This chapter explains proper placement of patient simulation in a nursing curriculum. It also explains the growth of online coursework. The chapter discusses practical value of digital devices to a nursing student. Applied to nursing education, simulation attempts to create a hypothetical patient care environment within which nursing students can safely operate before moving on to an actual patient care setting. Personal digital assistants (PDAs) emerged as a vital technical tool for nurses, but their applicability to the clinical site is much greater than it is in the classroom. Informal observation indicates that students find smartphone apps convenient for clinical site uses such as looking up medications, finding patient diagnosis descriptions, and defining technical terms. On the other hand, students prefer books to electronic resources for studying, preparing nursing journal entries developing nursing care plans, and writing research papers.
Nurses are a vital part of today’s health care system, and tomorrow’s as well. The nursing role requires an in-depth knowledge of physiology and pharmacology along with the insight and empathy to effectively interact with patients who are afflicted physically, mentally, and emotionally. This chapter discusses ten perceptions regarding the nursing profession that includes: patients will always be grateful and positive to nurses; it is easy to find a job as a nurse and so on. It explains the importance of having a real-world perspective. Nursing aides are unlicensed personnel who assist other team members in providing patient care to all clients. Nursing education results in a thorough understanding of the body’s functions and pathologies. As a prospective nurse they begin with a clear and accurate understanding about their role. A student nurse with a real-world perspective will be better equipped to tackle the demands of the nursing profession.
This chapter discusses personal prerequisites for success at the clinical site. It explains rules of the road as a new health care provider. The chapter also explains patient confidentiality. There is a strong correlation between good classroom performance and good clinical performance. In the clinical education setting, students need to apply classroom knowledge to “real world” situations. Many nursing programs have requirements called technical standards that must first be met by nursing students in order to qualify for enrollment in a clinical nursing course. It is not uncommon for nursing programs to mandate that their students receive cardiopulmonary resuscitation (CPR) certification in life support before entering a clinical area. Nursing students about to begin working with patients will need appropriate legal clearances. Confidentiality is one of the first concepts that nursing students must master as a student and then as a professional nurse.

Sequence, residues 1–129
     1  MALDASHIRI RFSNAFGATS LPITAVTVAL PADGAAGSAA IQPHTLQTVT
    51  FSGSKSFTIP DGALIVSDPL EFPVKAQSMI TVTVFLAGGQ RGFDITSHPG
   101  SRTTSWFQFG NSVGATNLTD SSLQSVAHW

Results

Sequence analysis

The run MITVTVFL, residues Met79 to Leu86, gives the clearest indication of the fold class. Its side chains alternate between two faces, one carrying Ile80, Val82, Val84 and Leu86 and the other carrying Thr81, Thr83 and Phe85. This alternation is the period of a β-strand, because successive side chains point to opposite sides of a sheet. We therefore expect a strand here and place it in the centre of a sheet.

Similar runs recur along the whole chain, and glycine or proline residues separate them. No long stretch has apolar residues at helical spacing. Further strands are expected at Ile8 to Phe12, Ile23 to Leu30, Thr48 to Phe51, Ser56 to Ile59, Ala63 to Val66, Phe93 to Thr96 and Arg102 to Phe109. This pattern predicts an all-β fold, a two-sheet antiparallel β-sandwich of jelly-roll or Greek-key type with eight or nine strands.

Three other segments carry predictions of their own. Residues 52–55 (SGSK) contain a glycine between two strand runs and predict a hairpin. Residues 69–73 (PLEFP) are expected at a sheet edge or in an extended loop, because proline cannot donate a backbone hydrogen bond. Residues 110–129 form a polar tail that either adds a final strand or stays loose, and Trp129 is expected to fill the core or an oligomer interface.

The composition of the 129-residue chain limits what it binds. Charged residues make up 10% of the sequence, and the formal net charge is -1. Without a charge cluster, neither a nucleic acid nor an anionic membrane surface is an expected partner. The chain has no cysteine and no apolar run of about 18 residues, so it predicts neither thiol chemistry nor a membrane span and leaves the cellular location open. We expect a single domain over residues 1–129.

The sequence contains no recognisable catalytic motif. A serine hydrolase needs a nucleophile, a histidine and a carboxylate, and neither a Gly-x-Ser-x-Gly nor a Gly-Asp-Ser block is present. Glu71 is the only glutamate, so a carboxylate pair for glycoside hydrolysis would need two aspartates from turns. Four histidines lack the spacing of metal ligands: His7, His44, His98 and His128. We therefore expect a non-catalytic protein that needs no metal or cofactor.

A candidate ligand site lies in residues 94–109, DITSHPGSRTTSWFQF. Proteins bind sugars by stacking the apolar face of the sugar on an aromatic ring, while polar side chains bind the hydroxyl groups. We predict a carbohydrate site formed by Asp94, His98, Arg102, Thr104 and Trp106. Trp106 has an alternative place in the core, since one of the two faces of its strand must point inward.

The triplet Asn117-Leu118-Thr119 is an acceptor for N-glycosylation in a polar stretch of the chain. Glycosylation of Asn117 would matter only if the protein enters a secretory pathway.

This chapter explains the importance of classroom logistics. It explains how to stay focused during class. The conceptual knowledge that a nurse need is acquired in the classroom. A classroom is a microcosm of a neighborhood. It contains a collection of people whose common interest in a particular subject has drawn them to the same place. However, some instructors make a point of soliciting responses from those who are perched in the far reaches of the classroom as a means of keeping all class attendees alert. Chomping, slurping, belching, drooling, and so forth are out of place in citadels of learning and are a distraction to teacher and fellow classmates. Some students learn to list questions on a separate piece of paper during class and then during breaks approach the teacher with a few questions. Some students choose to record all nursing lectures.
This chapter talks about a high school student named Laura, who had graduated in the top 10% of her class. She coveted a career in health care. Laura briefly summarized her personal profile and her strong desire to become a registered nurse, underscoring her interest by noting that she had been a volunteer during high school at a neighborhood hospital. In her first student nurse association meeting, Laura learned that nursing classes were very different from biology and other classes. Laura experienced the personal satisfaction that occurs in clinical rotations. She began to read about mindfulness-based stress reduction as an antidote for chronic pain and an adjunct to living a more full and present life. As a result of her careful planning and hard work, Laura passed the boards on her first attempt and took a week off down at the beach before beginning her hospital orientation program.